Longevity Meme Newsletter, March 22 2004

Reason reason at longevitymeme.org
Tue Apr 6 06:04:50 EST 2004

March 22 2004

The Longevity Meme Newsletter is a biweekly e-mail containing news,
opinions and happenings for people interested in healthy life
extension: making use of diet, lifestyle choices, technology and
proven medical advances to live healthy, longer lives. To subscribe or
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- Ever Wonder What the Community Looks Like?
- Join the Three Hundred to Fight Aging
- Why Donate to the Methuselah Foundation?
- Discussion
- Latest Healthy Life Extension News Headlines


It isn't quite living color, I'll admit, but this map of the healthy
life extension community does look pretty in the right light. If
you've ever wanted to know more about how the community holds
together, who the members are, and where to find them, then now is
your chance.


I hope that this helps many people skip over the slow process of
digging up this information the hard way. Life is always easier with a
map in hand.


The Methuselah Foundation have launched an intriguing new initiative:
for the price of a cup of coffee per day, would you like to join a
select group of humanitarians who will be remembered for their vision
and saving millions of lives?


The group is called "The Three Hundred" in honor of those who stood at
Thermopylae in ancient Greece. The Three Hundred won time; time that
allowed the Greeks to achieve a great victory in the course of
defending their homes, lives and lands. The modern Three Hundred will,
through modest donations and the work of the Methuselah Foundation,
win time for scientists to fight and defeat the aging process itself.
As the Methuselah Foundation asks:

"What is it worth to you to live 150 healthy years? What is it worth
to you to raise the average human lifespan to 150 years, just as a

The first members of the Three Hundred have stepped forward to make
their pledges, myself amongst them. You can make a real, tangible
difference to the future of healthy life extension medicine by doing
the same. Find out more about the work of the Methuselah Foundation
(including the Methuselah Mouse Prize for anti-aging research) at the
following website:



Like the X Prize, the Methuselah Mouse Prize (administered by the
Methuselah Foundation) is one of the most exciting efforts in its
field. I recommend reading comments by supporting donors and the first
members of The Three Hundred; they will certainly make you think about
priorities and what will soon be possible in medical science.


In particular, the thoughts of David Thompson spring to mind.

"I am a funeral director by trade and have seen more than my share of
death. It is never pretty, and some of the things I have seen are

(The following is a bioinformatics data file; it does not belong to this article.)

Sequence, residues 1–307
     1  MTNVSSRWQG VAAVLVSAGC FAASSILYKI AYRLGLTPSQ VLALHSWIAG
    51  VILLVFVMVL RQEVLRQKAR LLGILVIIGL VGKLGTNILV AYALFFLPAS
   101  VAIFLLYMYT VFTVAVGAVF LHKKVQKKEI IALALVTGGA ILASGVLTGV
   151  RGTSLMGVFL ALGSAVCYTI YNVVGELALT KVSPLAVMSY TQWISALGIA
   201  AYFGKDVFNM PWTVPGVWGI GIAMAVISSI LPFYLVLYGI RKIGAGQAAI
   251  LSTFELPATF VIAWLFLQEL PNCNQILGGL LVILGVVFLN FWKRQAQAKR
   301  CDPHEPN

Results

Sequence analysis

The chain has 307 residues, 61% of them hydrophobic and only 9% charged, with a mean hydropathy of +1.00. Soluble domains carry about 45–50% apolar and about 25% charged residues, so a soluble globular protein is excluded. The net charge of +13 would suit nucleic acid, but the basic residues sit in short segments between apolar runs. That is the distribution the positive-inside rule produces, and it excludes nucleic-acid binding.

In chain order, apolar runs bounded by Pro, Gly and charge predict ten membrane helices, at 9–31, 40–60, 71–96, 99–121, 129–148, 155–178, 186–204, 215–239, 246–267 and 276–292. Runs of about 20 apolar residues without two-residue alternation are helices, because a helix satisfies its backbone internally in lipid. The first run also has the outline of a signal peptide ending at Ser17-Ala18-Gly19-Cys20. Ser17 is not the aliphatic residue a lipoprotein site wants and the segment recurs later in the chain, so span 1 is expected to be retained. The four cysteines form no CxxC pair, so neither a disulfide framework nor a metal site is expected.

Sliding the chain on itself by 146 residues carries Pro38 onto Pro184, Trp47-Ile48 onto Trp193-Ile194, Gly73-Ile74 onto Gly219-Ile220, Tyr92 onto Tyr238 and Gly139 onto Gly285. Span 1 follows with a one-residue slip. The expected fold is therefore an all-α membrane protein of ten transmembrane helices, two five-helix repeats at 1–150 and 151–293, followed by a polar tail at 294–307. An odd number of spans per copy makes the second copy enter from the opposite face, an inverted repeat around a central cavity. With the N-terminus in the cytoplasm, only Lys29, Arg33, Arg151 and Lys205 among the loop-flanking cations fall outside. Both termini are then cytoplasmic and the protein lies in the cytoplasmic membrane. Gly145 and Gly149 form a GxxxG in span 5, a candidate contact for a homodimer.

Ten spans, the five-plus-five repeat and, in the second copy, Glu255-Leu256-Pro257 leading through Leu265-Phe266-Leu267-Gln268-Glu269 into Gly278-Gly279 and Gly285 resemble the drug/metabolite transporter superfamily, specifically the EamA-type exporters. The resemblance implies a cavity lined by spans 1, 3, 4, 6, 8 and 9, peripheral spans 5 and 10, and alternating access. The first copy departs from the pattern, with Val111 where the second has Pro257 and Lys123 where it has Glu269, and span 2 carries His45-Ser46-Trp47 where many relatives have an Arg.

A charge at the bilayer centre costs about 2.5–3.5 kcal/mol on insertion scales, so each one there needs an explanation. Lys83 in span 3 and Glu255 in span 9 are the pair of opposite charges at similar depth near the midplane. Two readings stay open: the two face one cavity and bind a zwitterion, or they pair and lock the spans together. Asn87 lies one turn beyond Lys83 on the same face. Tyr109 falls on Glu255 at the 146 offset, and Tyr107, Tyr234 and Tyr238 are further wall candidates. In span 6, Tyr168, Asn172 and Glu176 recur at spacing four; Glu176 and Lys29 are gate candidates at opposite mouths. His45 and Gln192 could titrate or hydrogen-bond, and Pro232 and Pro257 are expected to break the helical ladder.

terrifying. If you have ever thought about how peaceful someone looked
in a casket, let me let you in on a little secret, they didn't look
that way before we embalmed them. I have yet to pick someone up from
the morgue that looked glad to be there.

"The day will come for most of us when death approaches and we will go
through a list of things we wish we had done. If only I had started my
diet earlier, why didn't I keep my new years resolution to exercise?
Don't let wishing you had donated to the Methuselah Mouse Prize be one
of the last things that goes through your mind.

"Before you know it one of my friends or I will be coming for you, put
us out of work before we do."

As David points out, death and the degenerative conditions associated
with aging are not noble, pretty, dignified or desirable. This
horrible outcome happens to everyone, but the medical research and
funding communities have not yet fully risen to the challenge. We must
fight to support the advance of real anti-aging science, as by raising
awareness we can open the funding floodgates. This happened in the
1970s for cancer research, and it is happening now for Alzheimer's
research. Efforts like the Methuselah Mouse Prize are one of the best
ways forward to the creation of a fully funded anti-aging research
industry based on serious science.

Serious science could cure aging in our lifetimes: we just have to
unlock the public support and resources to make this happen. You can
read more about the science and one plan to beat aging at the
Strategies for Engineered Negligible Senescence (SENS) website, run by
Aubrey de Grey.



That would be all for this issue of the newsletter. The highlights and
headlines from the past two weeks follow below. If you have comments
for us, please do send e-mail to newsletter at longevitymeme.org.

Remember - if you like this newsletter, the chances are that your
friends will find it useful too. Forward the newsletter on, or post a
copy to your favorite online communities. Encourage the people you
know to pitch in and make a difference to the future of health and

reason at longevitymeme.org
Founder, Longevity Meme



Tissue Engineering for the Eye (March 21 2004)
CORDIS reports on a new EU funded effort to tissue engineer corneal
replacements. It's a good example of the sort of incremental
improvement in medical technology that we will see thousands of times
over in years to come. As an interesting aside, the article points out
that being able to engineer new body parts has implications beyond
transplantation. Research and tests currently performed on animal